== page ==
The Exodus left port in southern France on July 11, 1947. Its 4,500 Holocaust-survivor passengers had reached the port after an arduous journey from displaced persons camps in Germany. Before dawn on July 18, 1947, when the ship was 40 kilometers from Israel’s shores, it was rammed by a British destroyer and fired upon. A battle ensued between the British soldiers, who took over the ship, and the immigrants, leaving three immigrants dead and dozens wounded. The flag of Honduras that had flown from the mast was riddled with holes. That flag is currently on display at the Clandestine Immigration and Naval Museum in Haifa.

“The ship was camouflaged as if it was from Honduras,” said museum director Nir Maor. “The flag kept in our museum has holes, which it is said are from British bullets. It has the signatures of the American volunteers who sailed the ship.”

The ship sailed to Haifa, after Harel ordered the crew and passengers to surrender. By the time it anchored there, the flag of Israel was already flying. Before the passengers were arrested and deported, Weiss took the flag down from the mast. The British news company British Pathe, which filmed the arrival of the ship, shows Weiss climbing the mast to take down the flag. The three-minute clip was posted on the Internet last year and can be seen by searching the Web for the words “Haifa Refugee Ship 1947.”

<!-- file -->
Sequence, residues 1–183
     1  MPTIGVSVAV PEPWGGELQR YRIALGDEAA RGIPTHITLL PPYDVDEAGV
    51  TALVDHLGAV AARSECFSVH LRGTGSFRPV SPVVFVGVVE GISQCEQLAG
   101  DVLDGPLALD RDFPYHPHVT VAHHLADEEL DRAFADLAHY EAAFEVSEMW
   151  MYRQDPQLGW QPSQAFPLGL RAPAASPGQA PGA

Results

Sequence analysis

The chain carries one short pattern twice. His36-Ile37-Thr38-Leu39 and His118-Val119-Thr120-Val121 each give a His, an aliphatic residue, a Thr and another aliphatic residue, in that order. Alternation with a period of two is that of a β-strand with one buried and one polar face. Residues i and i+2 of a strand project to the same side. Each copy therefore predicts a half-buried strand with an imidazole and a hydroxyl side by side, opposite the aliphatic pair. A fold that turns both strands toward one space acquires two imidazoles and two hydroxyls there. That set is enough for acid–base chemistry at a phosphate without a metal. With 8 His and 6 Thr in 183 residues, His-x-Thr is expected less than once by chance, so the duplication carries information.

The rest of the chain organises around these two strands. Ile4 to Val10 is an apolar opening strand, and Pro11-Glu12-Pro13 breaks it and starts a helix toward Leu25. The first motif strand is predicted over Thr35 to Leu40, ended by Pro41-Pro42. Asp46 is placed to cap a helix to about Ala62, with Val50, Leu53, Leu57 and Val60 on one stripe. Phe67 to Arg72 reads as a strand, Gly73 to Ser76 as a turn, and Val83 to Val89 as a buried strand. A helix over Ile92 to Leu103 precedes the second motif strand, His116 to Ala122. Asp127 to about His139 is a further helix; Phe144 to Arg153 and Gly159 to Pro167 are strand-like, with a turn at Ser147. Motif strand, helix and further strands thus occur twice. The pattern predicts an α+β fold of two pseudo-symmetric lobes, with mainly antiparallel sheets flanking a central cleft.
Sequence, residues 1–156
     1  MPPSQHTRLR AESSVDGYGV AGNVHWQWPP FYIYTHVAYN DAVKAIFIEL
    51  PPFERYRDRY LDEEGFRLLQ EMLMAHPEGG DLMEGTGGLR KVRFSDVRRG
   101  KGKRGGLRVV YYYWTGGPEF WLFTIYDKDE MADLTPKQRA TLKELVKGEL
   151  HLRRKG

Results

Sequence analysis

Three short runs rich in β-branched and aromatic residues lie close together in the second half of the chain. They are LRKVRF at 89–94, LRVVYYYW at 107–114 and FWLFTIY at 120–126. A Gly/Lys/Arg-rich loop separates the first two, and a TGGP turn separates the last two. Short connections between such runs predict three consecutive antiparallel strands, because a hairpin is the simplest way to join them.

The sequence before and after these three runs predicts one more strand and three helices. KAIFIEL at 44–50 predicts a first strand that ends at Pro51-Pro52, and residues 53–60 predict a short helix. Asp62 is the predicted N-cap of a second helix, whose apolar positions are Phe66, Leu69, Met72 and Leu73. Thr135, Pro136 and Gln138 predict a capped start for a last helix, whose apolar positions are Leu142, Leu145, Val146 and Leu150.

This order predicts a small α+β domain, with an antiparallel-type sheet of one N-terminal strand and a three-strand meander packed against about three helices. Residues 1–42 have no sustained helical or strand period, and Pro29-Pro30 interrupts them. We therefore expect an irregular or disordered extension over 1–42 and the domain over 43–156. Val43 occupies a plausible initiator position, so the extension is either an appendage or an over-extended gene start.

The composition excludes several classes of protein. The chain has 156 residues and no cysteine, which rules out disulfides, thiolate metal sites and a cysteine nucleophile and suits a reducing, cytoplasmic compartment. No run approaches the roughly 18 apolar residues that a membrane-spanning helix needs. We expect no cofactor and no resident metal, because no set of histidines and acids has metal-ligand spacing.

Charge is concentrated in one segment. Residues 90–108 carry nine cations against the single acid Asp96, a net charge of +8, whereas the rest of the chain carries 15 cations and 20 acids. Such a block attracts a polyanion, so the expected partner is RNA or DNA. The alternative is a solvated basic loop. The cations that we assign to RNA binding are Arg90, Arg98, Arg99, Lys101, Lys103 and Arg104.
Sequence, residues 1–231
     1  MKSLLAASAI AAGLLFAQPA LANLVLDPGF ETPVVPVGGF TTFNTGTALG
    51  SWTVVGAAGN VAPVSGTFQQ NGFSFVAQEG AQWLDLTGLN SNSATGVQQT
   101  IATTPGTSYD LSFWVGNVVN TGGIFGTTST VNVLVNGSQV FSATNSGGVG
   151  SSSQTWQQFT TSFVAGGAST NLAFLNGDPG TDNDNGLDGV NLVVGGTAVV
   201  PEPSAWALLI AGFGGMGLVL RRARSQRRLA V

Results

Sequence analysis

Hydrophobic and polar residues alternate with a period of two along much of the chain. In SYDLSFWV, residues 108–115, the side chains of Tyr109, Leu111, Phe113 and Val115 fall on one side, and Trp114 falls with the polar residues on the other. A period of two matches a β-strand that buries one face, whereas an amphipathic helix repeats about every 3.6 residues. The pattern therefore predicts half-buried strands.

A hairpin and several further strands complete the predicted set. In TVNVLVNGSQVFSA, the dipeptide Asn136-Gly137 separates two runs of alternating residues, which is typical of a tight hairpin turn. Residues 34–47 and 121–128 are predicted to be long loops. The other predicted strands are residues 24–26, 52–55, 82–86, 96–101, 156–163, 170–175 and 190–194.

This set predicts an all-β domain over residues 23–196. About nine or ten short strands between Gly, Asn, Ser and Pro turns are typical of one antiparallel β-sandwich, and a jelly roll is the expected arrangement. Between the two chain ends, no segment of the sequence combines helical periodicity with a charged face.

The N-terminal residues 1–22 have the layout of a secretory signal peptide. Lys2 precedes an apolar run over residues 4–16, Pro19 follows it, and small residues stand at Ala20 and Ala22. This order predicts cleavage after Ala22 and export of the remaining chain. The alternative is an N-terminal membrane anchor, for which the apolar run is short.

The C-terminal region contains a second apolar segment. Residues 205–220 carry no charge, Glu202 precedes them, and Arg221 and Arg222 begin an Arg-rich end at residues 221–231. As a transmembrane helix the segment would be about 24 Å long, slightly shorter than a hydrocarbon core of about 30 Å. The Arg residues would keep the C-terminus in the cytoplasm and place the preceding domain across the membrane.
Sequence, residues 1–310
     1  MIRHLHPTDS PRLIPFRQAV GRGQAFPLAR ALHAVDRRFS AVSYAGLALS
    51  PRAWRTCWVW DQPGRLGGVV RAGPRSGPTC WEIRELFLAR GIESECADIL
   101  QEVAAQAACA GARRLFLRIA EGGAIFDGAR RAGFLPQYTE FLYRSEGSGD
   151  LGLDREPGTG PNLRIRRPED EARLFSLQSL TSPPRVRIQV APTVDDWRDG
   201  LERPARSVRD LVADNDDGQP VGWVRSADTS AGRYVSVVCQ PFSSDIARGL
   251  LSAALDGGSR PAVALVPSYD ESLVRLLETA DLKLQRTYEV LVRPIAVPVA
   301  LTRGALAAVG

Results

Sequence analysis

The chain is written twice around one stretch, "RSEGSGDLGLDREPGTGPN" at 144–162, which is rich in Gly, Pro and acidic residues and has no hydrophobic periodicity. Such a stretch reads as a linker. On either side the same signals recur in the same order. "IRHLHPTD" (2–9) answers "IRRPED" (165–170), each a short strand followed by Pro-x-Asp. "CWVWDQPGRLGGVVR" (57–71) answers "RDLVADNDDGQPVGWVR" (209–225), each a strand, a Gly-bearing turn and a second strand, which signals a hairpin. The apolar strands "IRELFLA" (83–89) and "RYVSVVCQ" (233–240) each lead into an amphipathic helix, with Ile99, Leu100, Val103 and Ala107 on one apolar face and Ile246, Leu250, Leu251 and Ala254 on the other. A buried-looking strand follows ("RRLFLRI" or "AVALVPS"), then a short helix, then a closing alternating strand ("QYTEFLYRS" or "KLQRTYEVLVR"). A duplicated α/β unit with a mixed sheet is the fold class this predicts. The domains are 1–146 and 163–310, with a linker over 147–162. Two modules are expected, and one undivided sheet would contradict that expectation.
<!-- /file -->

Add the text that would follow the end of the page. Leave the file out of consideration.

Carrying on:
Weiss and the other crew members were arrested and held at the Atlit detention camp. He returned to the United States after his release. The immigrants were loaded onto three ships which sailed back to Europe, their decks surrounded by barbed wire. In France, where they anchored, the immigrants barricaded themselves on the ships for three weeks and refused to disembark. There too, the flag of Israel was flown.

The ships subsequently sailed for Hamburg, where the passengers were forcibly removed and placed in detention camps in the country from which they had fled a few months before. After a year in the camps, they were sent to Israel as immigrants.